Rudolf's love of collecting went far beyond paintings and sculptures. He commissioned decorative objects of all kinds and in particular mechanical moving devices. Ceremonial swords and musical instruments, clocks, water works, astrolabes, compasses, telescopes and other scientific instruments, were all produced for him by some of the best craftsmen in Europe.

He patronized natural philosophers such as the botanist Charles de l'Ecluse, and the astronomers Tycho Brahe and Johannes Kepler both attended his court. Tycho Brahe developed the Rudolfine tables (finished by Kepler, after Brahe's death), the first comprehensive table of data of the movements of the planets. As mentioned before, Rudolf also attracted some of the best scientific instrument makers of the time, such as Jost Buergi, Erasmus Habermel and Hans Christoph Schissler. They had direct contact with the court astronomers and, through the financial support of the court, they were economically independent to develop scientific instruments and manufacturing techniques.[8]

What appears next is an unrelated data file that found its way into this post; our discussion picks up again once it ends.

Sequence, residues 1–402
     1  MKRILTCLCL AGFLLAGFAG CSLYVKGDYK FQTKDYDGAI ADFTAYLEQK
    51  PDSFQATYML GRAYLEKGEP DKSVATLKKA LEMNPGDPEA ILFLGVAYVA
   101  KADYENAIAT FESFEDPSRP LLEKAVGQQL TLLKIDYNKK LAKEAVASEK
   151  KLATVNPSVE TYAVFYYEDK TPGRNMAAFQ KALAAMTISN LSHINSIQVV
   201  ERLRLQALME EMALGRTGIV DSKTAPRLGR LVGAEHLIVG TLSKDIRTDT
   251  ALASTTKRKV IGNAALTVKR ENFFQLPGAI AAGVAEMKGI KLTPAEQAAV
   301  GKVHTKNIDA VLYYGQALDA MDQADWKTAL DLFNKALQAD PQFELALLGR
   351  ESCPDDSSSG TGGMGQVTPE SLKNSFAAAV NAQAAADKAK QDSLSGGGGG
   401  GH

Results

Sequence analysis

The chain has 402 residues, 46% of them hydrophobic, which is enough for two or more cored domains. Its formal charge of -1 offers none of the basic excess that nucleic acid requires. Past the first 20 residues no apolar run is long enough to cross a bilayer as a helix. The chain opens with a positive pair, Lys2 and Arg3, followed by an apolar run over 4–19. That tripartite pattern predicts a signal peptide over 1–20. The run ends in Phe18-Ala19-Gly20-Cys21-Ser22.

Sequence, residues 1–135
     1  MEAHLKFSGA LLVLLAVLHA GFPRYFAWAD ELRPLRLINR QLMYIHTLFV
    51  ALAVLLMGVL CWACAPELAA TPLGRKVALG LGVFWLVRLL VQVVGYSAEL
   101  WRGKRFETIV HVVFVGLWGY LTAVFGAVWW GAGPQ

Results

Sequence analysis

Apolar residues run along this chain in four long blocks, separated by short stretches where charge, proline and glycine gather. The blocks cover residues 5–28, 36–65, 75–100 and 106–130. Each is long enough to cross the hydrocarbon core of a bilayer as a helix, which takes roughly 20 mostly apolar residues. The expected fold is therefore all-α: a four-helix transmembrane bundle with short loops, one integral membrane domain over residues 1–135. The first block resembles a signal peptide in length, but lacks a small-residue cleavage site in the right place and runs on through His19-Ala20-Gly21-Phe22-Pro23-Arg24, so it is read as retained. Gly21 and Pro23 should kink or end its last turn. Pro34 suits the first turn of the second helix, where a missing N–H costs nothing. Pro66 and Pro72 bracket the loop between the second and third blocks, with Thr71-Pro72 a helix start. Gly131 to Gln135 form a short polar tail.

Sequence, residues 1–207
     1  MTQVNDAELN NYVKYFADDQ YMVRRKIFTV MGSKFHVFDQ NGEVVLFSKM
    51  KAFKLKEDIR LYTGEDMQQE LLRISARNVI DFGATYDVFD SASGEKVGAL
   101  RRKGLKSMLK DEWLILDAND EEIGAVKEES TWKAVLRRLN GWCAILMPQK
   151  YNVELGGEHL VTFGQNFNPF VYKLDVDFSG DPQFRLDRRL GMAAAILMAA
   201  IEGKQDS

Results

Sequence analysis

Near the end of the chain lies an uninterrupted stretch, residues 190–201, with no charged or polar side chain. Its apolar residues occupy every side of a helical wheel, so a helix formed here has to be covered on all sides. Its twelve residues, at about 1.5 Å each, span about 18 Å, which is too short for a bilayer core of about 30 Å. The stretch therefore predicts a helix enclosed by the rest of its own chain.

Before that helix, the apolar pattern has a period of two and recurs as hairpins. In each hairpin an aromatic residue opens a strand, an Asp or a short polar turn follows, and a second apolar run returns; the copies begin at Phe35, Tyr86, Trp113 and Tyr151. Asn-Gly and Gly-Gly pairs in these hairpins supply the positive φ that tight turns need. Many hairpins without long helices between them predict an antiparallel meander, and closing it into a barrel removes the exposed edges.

Rudolf painted as Vertumnus, Roman God of the seasons, by Giuseppe Arcimboldo (1590–1). Rudolf greatly appreciated the work.

The poetess Elizabeth Jane Weston, a writer of neo-Latin poetry, was also part of his court and wrote numerous odes to him.

Rudolf kept a menagerie of exotic animals, botanical gardens, and Europe's most extensive "cabinet of curiosities"[2] (Kunstkammer) incorporating "the three kingdoms of nature and the works of man". It was housed at Prague Castle, where between 1587 and 1605 he built the northern wing to house his growing collections.[9]

Rudolf was even alleged by one person to have owned the Voynich manuscript, a codex whose author and purpose, as well as the language and script and posited cipher remain unidentified to this day. According to hearsay passed on in a letter written by Johannes Marcus Marci in 1665, Rudolf was said to have acquired the manuscript at some unspecified time for 600 gold ducats. No evidence in support of this single piece of hearsay has ever been discovered.